1. is transparent.
  2. does not corrode.
  3. generates its own heat.
  4. can assume a variety of colors.

# 3: They returned to the beach, where blankets spotted the slope to the water. An advancing wall of clouds, black and gray, darkening the expanse of ground beneath, approached from the west. To the east and above them, the sky remained clear, the sun warm, as if collaborating in the deception.

The “deception” referred to in the passage is that:

  1. there is no storm approaching.
  2. the sky is clear in the east.
  3. it is too cold to swim.
  4. the sun is warm.

# 4: If the tire of a car rotates at a constant speed of 552 times in one minute, how many times will the tire rotate in half-an-hour?

  1. 276
  2. 5,520
  3. 8,280
  4. 16,560

# 5: One in every 9 people in a town vote for party A. All others vote for party B. How many people vote for party B in a town of 810?

  1. 90
  2. 720
  3. 801
  4. 819

# 6: A motorcycle cost $7,250. If it depreciates by 12 percent per year, how much will it be worth after one year?

  1. $870
  2. $1,250
  3. $5,920
  4. $6,380

# 7: Antagonize most nearly means:

  1. embarrass.
  2. struggle.
  3. provoke.
  4. worship.

# 8: Wilted most nearly means:

  1. left.
  2. limp.
  3. budding.
  4. requested.

# 9: His record provides no reason for apprehension. Here, apprehension means:

  1. anxiety.
  2. change.
  3. enjoyment.
  4. endorsement.

# 10: Air is less dense than water because:

  1. it is lighter.
  2. its molecules are further apart.
  3. its molecules are closer together.
  4. it moves more quickly and easily.



improve your asvab score

Five Tips to Practice for the Test

If you want to achieve a good score on your ASVAB test, practice is important. You can take example tests. You can read books, watch YouTube videos, and learn everything you can about the ASVAB.

Tip # 1: Get Acquainted with the Different Sections

To study effectively for the ASVAB, it is wise to get acquainted with the sections and how they are scored. There are two math portions, one called Mathematics Knowledge and one called Arithmetic Reasoning. The verbal part of the test consists of two parts as well, Word Knowledge and Paragraph Comprehension. These four are the most important parts of the test as far as scoring is concerned. Plan your study time around these knowledge areas.

Tip # 2: Take Practice Tests

Take practice tests to determine where you should spend the bulk of your study time. If a practice exam shows that your math knowledge and problem- solving ability are excellent, but that verbal scores are below average, for example, you would be smart to spend 60 to 70 percent of your study time on the verbal review.

Tip # 3: Set Aside Daily Study Time

Make a daily schedule for studying and do your best to adhere to it. Total hours per week will vary for everyone, but a good rule of thumb is to study between five and ten hours per week for about three months prior to the exam date. Having a daily schedule will help you keep your mind focused on the test’s content, and in many ways is more important than what you study, if you hit all the main knowledge areas.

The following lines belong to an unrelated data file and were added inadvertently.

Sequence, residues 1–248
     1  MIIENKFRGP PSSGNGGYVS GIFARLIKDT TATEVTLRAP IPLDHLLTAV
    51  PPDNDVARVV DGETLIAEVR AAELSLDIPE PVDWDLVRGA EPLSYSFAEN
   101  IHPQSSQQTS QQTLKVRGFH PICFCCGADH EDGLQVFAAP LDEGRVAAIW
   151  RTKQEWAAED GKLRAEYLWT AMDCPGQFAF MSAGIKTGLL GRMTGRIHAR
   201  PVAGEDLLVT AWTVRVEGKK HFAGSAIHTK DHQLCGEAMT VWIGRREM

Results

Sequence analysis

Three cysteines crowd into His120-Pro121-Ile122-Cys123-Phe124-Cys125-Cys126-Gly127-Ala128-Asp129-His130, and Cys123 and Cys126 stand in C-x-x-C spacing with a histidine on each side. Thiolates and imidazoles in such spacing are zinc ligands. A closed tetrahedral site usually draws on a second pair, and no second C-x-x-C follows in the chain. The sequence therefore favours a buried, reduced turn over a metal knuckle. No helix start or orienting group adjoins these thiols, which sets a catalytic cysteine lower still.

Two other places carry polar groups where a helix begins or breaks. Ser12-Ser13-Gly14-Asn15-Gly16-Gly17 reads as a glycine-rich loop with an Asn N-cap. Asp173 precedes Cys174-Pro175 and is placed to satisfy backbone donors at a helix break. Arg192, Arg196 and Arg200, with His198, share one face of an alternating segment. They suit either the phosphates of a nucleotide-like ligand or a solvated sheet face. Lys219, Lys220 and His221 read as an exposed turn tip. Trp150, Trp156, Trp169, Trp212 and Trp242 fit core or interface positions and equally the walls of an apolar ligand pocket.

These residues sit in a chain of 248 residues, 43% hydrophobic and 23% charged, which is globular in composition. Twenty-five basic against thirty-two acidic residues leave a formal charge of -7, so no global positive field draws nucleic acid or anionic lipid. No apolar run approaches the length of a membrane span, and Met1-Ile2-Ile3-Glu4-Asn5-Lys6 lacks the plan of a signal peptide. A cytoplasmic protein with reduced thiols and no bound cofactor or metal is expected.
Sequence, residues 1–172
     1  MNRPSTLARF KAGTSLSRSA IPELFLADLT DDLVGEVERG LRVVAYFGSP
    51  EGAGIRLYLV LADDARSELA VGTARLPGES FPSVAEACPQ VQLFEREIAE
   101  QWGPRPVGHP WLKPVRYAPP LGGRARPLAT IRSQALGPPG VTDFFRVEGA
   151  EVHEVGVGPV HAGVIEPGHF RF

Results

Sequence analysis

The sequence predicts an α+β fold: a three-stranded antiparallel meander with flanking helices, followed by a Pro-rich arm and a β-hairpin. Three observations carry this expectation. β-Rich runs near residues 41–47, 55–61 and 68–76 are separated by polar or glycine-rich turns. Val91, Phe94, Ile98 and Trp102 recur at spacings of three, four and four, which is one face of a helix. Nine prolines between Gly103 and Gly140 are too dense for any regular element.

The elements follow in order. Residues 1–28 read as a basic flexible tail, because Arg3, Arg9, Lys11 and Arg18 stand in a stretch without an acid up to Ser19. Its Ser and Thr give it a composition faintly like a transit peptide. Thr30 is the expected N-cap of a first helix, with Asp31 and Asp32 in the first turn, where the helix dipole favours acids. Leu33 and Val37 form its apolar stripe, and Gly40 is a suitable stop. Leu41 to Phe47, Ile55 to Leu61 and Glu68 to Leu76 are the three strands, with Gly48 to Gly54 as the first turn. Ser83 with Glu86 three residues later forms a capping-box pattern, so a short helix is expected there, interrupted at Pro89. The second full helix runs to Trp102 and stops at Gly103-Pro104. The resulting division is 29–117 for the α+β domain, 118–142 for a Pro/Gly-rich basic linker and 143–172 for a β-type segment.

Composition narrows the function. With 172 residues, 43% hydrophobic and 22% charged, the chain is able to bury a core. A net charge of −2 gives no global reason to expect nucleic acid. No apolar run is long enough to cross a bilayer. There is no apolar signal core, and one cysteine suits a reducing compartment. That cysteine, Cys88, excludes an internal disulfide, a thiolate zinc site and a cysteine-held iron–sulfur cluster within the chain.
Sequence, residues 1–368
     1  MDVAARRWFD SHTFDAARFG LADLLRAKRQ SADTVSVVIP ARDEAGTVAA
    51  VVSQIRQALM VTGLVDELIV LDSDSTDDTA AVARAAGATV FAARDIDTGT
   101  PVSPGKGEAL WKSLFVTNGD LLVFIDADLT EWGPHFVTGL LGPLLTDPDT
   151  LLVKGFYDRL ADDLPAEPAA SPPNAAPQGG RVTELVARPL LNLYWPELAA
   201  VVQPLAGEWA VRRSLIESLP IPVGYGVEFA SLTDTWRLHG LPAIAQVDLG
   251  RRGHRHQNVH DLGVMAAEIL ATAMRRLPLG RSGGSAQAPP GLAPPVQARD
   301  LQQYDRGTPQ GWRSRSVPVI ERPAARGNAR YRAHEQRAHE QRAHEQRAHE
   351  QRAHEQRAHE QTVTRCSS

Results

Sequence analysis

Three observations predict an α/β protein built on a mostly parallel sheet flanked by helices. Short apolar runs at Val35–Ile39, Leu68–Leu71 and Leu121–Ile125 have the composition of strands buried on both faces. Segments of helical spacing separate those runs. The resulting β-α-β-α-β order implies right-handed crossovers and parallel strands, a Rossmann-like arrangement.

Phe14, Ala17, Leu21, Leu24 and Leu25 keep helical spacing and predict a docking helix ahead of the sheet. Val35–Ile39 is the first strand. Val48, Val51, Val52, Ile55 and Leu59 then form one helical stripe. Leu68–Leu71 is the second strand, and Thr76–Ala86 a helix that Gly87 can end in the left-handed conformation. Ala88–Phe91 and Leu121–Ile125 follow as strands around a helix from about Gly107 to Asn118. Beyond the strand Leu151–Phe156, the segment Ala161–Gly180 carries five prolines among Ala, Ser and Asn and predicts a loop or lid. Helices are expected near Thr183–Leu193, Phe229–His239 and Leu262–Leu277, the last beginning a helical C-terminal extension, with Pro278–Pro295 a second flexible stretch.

Tip # 4: Don’t Go Overboard

Build rest into your schedule and try to maintain healthy lifestyle habits during the review period. Don’t study yourself into a rut! Have at least one day each week when you do not study at all. At the same time, attempt to sleep and eat within healthy, normal limits during your preparation phase.

Tip # 5: Review Work

Spend one day each week doing nothing but review work. Retention levels for most people go through the roof when they review material for a test. Taking one day per week to review your study materials from the last several days will do wonders for your comprehension, retention, and confidence.

Bonus Tip

Ease up on the studying for one or two days prior to the test, focusing primarily on review work in your weak areas. Get plenty of sleep the night before the exam and go in with a confident attitude. You will be better prepared than the average test-taker at that point.

Best ASVAB Study Guides

Here are several good books and resources you can use for your ASVAB Study Guide.

# 1: 2021 / 2022 ASVAB For Dummies: Book + 7 Practice Tests Online + Flashcards + Video (For Dummies (Career/Education)) 10th Edition

In a friendly, straightforward style, Angie Papple Johnston—who passed the test herself in 2006 to join the Army—provides in-depth reviews of all nine test subjects. Don’t worry if you slept through some of this material in school; you’ll find a complete refresher on everything you’ll be expected to know—plus full explanations for every answer, drill exercises, and strategy cheat sheets for verbal, math, and general sciences. You’ll also get tips on how to pinpoint areas where you need to develop mental muscle and to strengthen your test-taking skills. And if this weren’t already giving you some pretty awesome firepower, you can also go online to reinforce your game using flashcards and customizable practice tests calibrated to address areas where you need help the most.  ~ Source

# 2: ASVAB Prep Plus 2022–2023: 6 Practice Tests + Proven Strategies + Online + Video (Kaplan Test Prep)

Kaplan’s ASVAB Prep Plus 2022–2023 features proven strategies and realistic practice for all sections of the ASVAB and AFQT. Comprehensive subject review, expert tips, detailed explanations, and flashcards will help you face the test with confidence. Kaplan is so certain that ASVAB Prep Plus offers all the knowledge you need to excel at the ASVAB that we guarantee it: After studying with the online resources and book, you’ll score higher on the test—or you’ll get your money back. ~ Source

# 3: ASVAB Study Guide 2021-2022: ASVAB Test Prep Secrets, Practice Question Book, Step-by-Step Review Video Tutorials: [5th Edition] Study Guide Edition